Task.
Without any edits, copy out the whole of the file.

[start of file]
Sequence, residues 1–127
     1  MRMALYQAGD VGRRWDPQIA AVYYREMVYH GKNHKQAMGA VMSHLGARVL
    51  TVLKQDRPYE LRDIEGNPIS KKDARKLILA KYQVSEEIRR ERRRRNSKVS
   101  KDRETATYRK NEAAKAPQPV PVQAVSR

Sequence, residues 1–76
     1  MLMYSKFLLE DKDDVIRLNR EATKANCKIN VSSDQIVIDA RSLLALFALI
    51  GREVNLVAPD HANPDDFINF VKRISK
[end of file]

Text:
Sequence, residues 1–127
     1  MRMALYQAGD VGRRWDPQIA AVYYREMVYH GKNHKQAMGA VMSHLGARVL
    51  TVLKQDRPYE LRDIEGNPIS KKDARKLILA KYQVSEEIRR ERRRRNSKVS
   101  KDRETATYRK NEAAKAPQPV PVQAVSR

Sequence, residues 1–76
     1  MLMYSKFLLE DKDDVIRLNR EATKANCKIN VSSDQIVIDA RSLLALFALI
    51  GREVNLVAPD HANPDDFINF VKRISK